Since the first lockdown, Elias Orphelin, a 22-year-old student completing the final year of his Master in Management degree at ESCP, has made it his mission to inform the public about the coronavirus epidemic in France. How? By compiling epidemiological data in the form of graphs posted on his Twitter account and developing a tool to calculate the risk of coming into contact with an infected individual – His work even caught the attention of Santé Publique France, the French National Health Agency.
On Twitter, you use graphs to provide almost daily updates on the trajectory of the coronavirus pandemic. What made you take on this challenge?
I’ve had a thing for figures since middle school, when I understood that they can tell us many things. Before the pandemic, I was already making a lot of statistical calculations with graphs: about football scores, politics, the economy etc. And in my apprenticeship training at Siemens, I do a lot of “Business Intelligence”.
Among other things, this involves displaying data graphically to help the company with decision-making. Since it’s something that I know how to do and enjoy doing, early on in the pandemic when I was wondering how I could “contribute to the collective effort”, it occurred to me that this skill might be useful for a wide audience.
How did you get started on a practical level?
The very first time I shared a graph, it was in mid-March 2020, at the beginning of the first lockdown. At that time, each regional health agency (ARS) was publishing its own reports and the data was not at all structured like it is today. So you had to go hunting around for numbers, since the numbers for the region I live in, Île-de-France, as well as other regions would be missing at times…I had all the regional health agencies in my favourites on my browser (laughs).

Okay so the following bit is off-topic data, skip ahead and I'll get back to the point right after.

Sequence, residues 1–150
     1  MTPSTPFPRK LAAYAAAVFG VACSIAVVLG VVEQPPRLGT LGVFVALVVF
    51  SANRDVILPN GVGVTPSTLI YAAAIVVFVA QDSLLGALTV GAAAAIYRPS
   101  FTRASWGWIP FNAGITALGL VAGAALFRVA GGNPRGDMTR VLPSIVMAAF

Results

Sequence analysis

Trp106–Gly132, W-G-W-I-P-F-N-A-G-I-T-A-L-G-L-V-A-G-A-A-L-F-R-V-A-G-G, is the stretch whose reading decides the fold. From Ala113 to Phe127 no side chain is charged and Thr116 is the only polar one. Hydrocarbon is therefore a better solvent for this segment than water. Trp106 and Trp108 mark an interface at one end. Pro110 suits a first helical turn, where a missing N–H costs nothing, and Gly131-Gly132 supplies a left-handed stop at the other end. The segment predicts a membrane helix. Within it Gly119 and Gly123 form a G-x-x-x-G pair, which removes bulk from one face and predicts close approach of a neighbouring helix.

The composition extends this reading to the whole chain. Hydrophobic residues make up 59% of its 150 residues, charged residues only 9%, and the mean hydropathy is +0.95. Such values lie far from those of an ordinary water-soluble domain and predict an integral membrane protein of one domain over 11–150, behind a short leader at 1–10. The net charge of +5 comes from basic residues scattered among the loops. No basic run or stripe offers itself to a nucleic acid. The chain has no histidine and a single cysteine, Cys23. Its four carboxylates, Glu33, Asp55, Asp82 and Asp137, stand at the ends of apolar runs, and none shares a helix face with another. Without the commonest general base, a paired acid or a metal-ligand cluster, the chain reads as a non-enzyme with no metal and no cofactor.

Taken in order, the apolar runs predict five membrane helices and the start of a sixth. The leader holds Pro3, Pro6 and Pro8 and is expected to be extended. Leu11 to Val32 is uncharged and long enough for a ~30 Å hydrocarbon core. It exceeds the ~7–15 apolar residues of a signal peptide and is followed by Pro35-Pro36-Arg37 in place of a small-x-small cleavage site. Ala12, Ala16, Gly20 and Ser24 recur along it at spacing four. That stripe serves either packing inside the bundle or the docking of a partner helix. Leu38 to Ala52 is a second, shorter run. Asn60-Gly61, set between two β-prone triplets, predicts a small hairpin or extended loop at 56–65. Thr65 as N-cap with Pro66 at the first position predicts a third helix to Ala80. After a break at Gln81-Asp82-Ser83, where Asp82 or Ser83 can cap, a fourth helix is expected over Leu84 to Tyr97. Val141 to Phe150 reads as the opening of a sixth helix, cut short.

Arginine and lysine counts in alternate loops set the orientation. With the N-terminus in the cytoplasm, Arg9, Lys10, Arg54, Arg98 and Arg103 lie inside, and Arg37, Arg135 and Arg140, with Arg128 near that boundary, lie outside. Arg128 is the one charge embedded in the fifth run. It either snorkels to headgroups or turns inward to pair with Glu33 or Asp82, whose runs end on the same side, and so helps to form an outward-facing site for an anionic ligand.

How much time does the research and compilation require?
I’d say 2 or 3 hours a day currently, on average. Even if the data is now more structured on the Santé Publique France web page, it doesn’t necessarily take less time today. At the beginning, we only had the number of cases of infections and the number of deaths. Now, in order to get a 360-degree view of the epidemic, we need to look at the number of cases of infections, the number of tests, the number of hospital admissions and discharges, the number of patients in intensive care etc. It was already multi-factorial before, but we didn’t have access to all this data.
At the beginning, it made me laugh when people would say, “you’re doing what the government isn’t.”
Out of all these indicators, which one is the most meaningful for anticipating the trajectory of the epidemic in your opinion?
The one I follow the most is hospital admissions. That seems to be the most significant to me since it’s an indicator that occurs fairly early in the infection phase and is more reliable than the number of infections indicator (which depends primarily on the number of tests). In early September, the number of hospital admissions was increasing by 30% to 40% per week, but at a very low level. So, in absolute value, it wasn’t increasing that much, but if we looked closely, it formed the beginning of an exponential curve. That’s what makes the problem so challenging: it’s hard to grasp the speed at which the virus spreads. In a matter of days, there are twice as many patients in the hospital. So they get overwhelmed and take urgent action. But in recent weeks, we’ve been discussing another indicator that allows them to save precious days.
Which indicator is that?